Since enacting the gratuity statute, Congress has established a statutory and regulatory scheme that not only permits, but affirmatively encourages, the United States to offer leniency and other benefits to cooperating witnesses to obtain their testimony. Indeed, the Supreme Court recently noted that two federal rules, Fed. R. Crim. P. 11 and Fed. R. Evid. 410, have the "goal of encouraging plea bargaining." United States v. Mezzanatto, 513 U.S. 196, 207 (1995); see also Santobello v. New York, 404 U.S. 257, 260 (1971) ("The disposition of criminal charges by agreement between the prosecutor and the accused ... is an essential component of the administration of justice."). As the Court recognized in Mezzanatto, plea bargaining frequently requires the prosecutor to decide "whether to extend leniency or full immunity to some suspects in order to procure testimony against other, more dangerous suspects" because "prosecutors often need help from the small fish in a conspiracy in order to catch the big ones." 513 U.S. at 207, 208. Accordingly, Rule 11 allows prosecutors to seek dismissal of other charges, agree on sentencing issues, and make other "promises" in a plea agreement that must be disclosed to and accepted by the court. Fed. R. Crim. P. 11(d, e, g). Rule 11 recognizes "the propriety of plea discussions" and that "a plea agreement may also contribute to the successful prosecution of other more serious offenders." See 1974 Advisory Committee Notes.

Many other federal statutes authorizing prosecutors to offer leniency in return for testimony confirm that Congress did not intend to make that practice illegal in section 201(c)(2). First and most crucially, the Sentencing Reform Act of 1984, as amended, contains three provisions authorizing sentencing reduction -- upon government motion -- for cooperators who provide "substantial assistance in the investigation or prosecution of another" criminal (emphasis added). See 18 U.S.C. § 3553(e) (reduction below minimum statutory sentence); 28 U.S.C. § 994(n) (requiring Sentencing Commission to allow guideline reductions); Fed. R. Crim. P. 35(b) (reduction for post-sentencing cooperation). Contrary to the panel's assertion (op. 35), the phrase "substantial assistance in ... prosecution" cannot reasonably be read to exclude "testimony"; most cooperators can substantially assist a "prosecution" -- as opposed to an "investigation" -- only by testifying. Undoubtedly for that reason, the Sentencing Commission implemented these statutory commands by requiring courts to consider "the truthfulness, completeness, and reliability of any information or testimony provided by the defendant" in determining whether to reward a defendant who has cooperated with authorities. See U.S.S.G. §  5K1.1(a)(2). Similarly, this Court has held that "[t]he Government may impose the duty to give truthful testimony as a condition of favorable treatment." United States v. Gomez, 810 F.2d 947, 956 (10th Cir.), cert. denied, 482 U.S. 908 (1987).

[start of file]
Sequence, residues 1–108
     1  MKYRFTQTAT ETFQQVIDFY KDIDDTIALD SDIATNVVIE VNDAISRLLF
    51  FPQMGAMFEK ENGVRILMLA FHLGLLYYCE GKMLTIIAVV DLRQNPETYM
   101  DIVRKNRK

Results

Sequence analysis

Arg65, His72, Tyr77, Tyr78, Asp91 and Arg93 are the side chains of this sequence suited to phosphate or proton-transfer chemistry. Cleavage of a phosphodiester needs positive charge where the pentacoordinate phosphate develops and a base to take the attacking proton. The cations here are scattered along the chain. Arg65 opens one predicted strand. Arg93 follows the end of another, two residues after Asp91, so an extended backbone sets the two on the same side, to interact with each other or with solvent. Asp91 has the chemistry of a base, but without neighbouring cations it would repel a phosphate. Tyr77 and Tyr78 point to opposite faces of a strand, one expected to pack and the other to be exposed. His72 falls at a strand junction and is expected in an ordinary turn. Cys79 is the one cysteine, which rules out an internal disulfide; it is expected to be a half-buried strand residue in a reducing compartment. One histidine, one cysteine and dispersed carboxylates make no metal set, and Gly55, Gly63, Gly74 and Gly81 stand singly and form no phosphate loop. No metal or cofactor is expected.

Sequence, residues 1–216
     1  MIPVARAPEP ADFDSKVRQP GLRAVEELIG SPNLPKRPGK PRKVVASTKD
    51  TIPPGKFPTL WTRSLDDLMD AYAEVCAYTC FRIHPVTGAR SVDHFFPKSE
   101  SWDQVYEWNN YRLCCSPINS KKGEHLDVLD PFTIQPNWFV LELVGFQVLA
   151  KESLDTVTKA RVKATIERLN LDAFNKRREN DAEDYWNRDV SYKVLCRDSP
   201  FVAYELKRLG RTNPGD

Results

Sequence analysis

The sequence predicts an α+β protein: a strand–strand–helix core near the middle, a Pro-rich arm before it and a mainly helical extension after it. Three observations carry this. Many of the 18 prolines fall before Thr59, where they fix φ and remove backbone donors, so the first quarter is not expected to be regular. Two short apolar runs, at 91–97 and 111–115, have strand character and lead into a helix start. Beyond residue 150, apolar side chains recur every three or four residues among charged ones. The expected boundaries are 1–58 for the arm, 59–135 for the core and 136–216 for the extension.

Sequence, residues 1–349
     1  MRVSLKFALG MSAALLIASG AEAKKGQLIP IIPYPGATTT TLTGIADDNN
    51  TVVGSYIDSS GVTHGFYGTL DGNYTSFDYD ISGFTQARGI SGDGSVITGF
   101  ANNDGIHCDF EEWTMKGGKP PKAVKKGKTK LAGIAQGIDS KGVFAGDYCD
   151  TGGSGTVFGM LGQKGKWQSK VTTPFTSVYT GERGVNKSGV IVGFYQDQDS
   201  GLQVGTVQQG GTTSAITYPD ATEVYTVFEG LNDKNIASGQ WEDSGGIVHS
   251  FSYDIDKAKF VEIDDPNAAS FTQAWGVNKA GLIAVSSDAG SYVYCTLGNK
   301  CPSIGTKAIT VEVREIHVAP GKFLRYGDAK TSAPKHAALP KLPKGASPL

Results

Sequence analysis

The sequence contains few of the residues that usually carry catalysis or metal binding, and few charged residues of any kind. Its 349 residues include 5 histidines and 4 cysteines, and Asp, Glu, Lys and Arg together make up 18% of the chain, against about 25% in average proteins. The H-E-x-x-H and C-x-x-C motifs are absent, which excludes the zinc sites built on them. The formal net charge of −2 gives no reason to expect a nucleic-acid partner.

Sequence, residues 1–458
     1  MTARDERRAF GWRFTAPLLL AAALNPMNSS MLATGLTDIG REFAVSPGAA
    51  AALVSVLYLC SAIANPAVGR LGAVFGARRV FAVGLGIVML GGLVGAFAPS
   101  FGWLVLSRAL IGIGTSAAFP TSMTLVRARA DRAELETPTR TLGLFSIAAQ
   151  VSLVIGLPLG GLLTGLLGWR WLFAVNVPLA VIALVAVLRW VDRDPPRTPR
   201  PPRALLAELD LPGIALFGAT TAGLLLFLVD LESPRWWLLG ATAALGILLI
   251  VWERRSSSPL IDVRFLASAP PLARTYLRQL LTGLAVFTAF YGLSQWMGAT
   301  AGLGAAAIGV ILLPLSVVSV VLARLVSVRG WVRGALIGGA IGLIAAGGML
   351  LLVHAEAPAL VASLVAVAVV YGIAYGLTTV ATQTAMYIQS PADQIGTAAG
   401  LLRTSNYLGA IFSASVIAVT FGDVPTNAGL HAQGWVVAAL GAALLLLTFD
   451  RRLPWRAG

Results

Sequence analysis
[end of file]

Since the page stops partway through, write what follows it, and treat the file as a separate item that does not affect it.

Second, before and after enacting section 201(c)(2) and its predecessors, Congress authorized prosecutors to confer immunity on witnesses in return for testimony. See Kastigar v. United States, 406 U.S. 441, 445-47 (1972) (outlining history of immunity statutes dating back to Eighteenth Century). The current immunity statute, 18 U.S.C. §§ 6001-6005, specifically allows federal prosecutors to give immunity to witnesses to obtain testimony in any judicial proceeding. Immunity statutes "reflect[] the importance of testimony, and the fact that many offenses are of such a character that the only persons capable of giving useful testimony are those implicated in the crime." Kastigar, 406 U.S. at 446; see id. at 447 (immunity statutes are "essential to the effective enforcement of various criminal statutes" and "part of our constitutional fabric") (internal quotations omitted).

The panel recognized that if the immunity statute were read to authorize prosecutors to confer a benefit for testimony, it would "conflict" with section 201(c)(2). Op. 14. To avoid this "absurdity," the panel reasoned that the government does not confer a benefit under the immunity statute because it does "not give immunity directly for the witness's testimony" but merely "move[s] the court to grant immunity." Op. 14. This distinction ignores the realities of the immunity statute, under which the executive branch, and not the courts, is the critical participant. United States v. Doe, 465 U.S. 605, 616 (1984) ("Congress gave certain officials in the Department of Justice exclusive authority to grant immunities" and "foresaw the courts as playing only a minor role in the immunizing process") (internal quotations omitted); see 18 U.S.C. §  6003(a) (court "shall issue" immunity order). The panel's distinction also fails to recognize that prosecutors may give "informal immunity" in return for testimony, a practice this Court has characterized as "entirely proper." United States v. Kilpatrick, 821 F.2d 1456, 1479 (10th Cir. 1987), aff'd sub nom. Bank of Nova Scotia v. United States, 487 U.S. 250 (1988). Finally, given that section 201(c)(2) covers anyone directly or indirectly giving an illegal gratuity, fidelity to the panel's analysis would preclude judges as well as prosecutors from granting immunity.